I’m really infected by coffee. It is an exciting time and things keep evolving as more people are getting interested in specialty coffee. I still have so much to learn and so much to embrace. I don’t really have a timeline. Things of my earlier life are coming back now. We are baking the cake recipes of my mother. I used to live in Japan and the Japanese tea ceremony is coming back in the way we take a slow, methodical, almost ritualistic approach to the bar. My background in finance has helped me understand profitability and how to run a business.
What drives me is the energy that comes from connecting with people through coffee. I surround myself with people who want to grow with me and develop.
The most important part of coffee is still the human being.
Even with all the latest improvements and technologies, the most important part of coffee is still the human being. As much as we can put science behind it, at the end of the day you can never replace the human element and the machine is just a support for consistency and efficiency.
Humans are naturally voyeuristic – I definitely am. I like to sit at the bar and watch people make a drink for me. In my first shop I had my machine at an angle (which most of my baristas hated because they had to turn their heads all the time when they worked) so people could watch their hands. This is an important part of the craft: you want a person behind a bar who is engaging – baristas are not robots.
Acting for me was the period in London after I left finance and wanted to do different things. I like to talk to people and speak in front of people. I enjoy the element of performing. I think an element of entertainment is important in drawing people into your world without building a barrier.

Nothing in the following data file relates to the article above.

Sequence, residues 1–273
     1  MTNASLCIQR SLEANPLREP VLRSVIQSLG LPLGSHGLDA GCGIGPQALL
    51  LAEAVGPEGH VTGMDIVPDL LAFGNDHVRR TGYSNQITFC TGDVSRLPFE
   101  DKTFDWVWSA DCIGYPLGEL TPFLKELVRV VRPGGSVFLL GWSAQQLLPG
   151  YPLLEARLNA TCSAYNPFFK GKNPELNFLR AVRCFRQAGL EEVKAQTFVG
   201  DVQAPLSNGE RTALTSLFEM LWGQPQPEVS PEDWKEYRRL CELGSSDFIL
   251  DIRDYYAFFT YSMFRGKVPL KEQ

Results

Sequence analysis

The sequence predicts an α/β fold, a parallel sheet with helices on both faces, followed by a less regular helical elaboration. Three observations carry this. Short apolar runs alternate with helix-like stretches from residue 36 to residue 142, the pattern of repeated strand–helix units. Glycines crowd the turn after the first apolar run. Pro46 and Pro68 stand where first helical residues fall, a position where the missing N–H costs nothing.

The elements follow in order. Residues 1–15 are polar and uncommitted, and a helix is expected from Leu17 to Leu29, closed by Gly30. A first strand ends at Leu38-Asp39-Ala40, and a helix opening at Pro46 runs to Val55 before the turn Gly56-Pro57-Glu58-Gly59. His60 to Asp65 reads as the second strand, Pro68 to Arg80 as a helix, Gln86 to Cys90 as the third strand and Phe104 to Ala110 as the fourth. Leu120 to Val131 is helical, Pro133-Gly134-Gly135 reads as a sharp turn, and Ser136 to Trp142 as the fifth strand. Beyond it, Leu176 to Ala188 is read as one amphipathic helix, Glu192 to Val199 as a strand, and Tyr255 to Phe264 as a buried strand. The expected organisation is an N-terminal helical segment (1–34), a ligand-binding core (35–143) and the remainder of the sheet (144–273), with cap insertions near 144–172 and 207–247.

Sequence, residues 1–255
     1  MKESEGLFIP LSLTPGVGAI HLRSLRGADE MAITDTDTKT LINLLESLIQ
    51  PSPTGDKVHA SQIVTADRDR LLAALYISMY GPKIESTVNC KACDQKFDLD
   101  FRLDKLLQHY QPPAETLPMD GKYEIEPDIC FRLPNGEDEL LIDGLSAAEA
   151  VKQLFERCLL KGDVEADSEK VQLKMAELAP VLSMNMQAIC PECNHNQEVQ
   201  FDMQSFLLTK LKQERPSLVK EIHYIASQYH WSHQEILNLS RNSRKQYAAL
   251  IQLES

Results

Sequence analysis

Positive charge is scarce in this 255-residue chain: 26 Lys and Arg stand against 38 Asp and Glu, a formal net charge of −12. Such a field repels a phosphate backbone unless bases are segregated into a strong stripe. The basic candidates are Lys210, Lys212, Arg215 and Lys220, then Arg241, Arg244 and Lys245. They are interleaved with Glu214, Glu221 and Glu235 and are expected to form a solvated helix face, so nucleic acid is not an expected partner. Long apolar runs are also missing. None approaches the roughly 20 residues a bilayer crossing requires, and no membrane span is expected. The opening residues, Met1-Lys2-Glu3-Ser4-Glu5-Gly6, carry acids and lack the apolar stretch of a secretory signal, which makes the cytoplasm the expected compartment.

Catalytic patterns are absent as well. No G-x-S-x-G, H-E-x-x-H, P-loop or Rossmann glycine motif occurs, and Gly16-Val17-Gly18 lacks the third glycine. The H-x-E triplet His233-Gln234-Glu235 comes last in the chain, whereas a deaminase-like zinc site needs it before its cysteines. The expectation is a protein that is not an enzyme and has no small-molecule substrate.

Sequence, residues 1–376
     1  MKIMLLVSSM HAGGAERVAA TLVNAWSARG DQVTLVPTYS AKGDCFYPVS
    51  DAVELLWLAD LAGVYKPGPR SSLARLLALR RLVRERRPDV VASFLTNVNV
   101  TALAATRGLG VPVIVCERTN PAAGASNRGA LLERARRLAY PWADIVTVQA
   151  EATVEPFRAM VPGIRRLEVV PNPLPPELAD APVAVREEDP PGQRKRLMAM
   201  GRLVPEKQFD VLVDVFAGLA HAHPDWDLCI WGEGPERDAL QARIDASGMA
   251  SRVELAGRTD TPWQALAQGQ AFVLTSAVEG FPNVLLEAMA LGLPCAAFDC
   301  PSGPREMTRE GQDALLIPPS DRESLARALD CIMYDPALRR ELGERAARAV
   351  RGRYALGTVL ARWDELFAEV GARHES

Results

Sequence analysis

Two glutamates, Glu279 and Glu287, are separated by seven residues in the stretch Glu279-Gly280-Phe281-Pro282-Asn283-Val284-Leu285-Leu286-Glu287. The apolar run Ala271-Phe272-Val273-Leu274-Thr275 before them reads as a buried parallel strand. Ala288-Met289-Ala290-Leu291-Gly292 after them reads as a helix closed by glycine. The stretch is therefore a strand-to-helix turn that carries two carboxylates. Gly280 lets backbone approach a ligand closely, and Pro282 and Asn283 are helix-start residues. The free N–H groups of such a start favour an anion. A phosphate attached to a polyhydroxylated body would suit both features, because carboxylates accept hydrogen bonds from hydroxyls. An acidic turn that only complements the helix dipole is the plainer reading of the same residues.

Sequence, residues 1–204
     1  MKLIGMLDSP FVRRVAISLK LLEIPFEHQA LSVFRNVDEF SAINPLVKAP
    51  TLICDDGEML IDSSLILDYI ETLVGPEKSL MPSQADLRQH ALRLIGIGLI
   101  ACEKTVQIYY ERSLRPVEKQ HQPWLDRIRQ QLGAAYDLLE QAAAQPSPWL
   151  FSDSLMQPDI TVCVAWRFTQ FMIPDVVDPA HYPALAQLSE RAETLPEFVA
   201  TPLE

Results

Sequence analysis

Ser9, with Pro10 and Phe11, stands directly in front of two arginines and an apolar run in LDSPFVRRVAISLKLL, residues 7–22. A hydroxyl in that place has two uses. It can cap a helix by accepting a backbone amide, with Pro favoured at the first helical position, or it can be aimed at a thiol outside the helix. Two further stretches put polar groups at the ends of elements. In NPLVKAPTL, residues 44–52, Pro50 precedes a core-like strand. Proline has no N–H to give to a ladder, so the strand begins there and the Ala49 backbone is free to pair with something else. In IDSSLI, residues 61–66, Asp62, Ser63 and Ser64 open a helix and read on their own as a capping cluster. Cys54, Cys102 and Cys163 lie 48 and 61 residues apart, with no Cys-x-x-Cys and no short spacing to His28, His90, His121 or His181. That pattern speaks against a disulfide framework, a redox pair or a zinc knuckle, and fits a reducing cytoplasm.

You can name them all, but the early ones are the ones you remember most, because they are the first big impressions. I love James Hoffmann, he’s my first hero. He is extremely knowledgeable and he supported us with his coffee beans the first two years – we are close friends and we continue to collaborate. Annette Moldvaer – one of the sharpest tongues in the industry – I love traveling with her and learning about coffee. Tim Wendelboe, I love. He is a driver in the industry and keeps pushing boundaries. He’s super clean, I admire the way he runs his shop, it’s very, very organized, and very, very professional.
We try to lose any attitude—it’s ok if some prefer to drink a milkshake with robusta coffee.
We never consider ourselves to be fully trained or to know everything. To us this is a constant journey and we never arrive – which is very exciting. Coffee is a huge industry. With specialty coffee we represent a small but fast-growing niche, and quality drives us. However, different people have different needs. We try to lose any attitude – it’s ok if some prefer to drink a milkshake with robusta coffee. It’s just a different product and not our market. What we do is to make our own coffee the best we can.
To explore Berlin, you need a bicycle – Berlin is very spread out – but you need a shabby one. My boyfriend bought a new one and it lasted two hours. He left it next to the roastery and it was gone right away. It was white and very pretty and had “steal me” written all over it. Two hours, gone.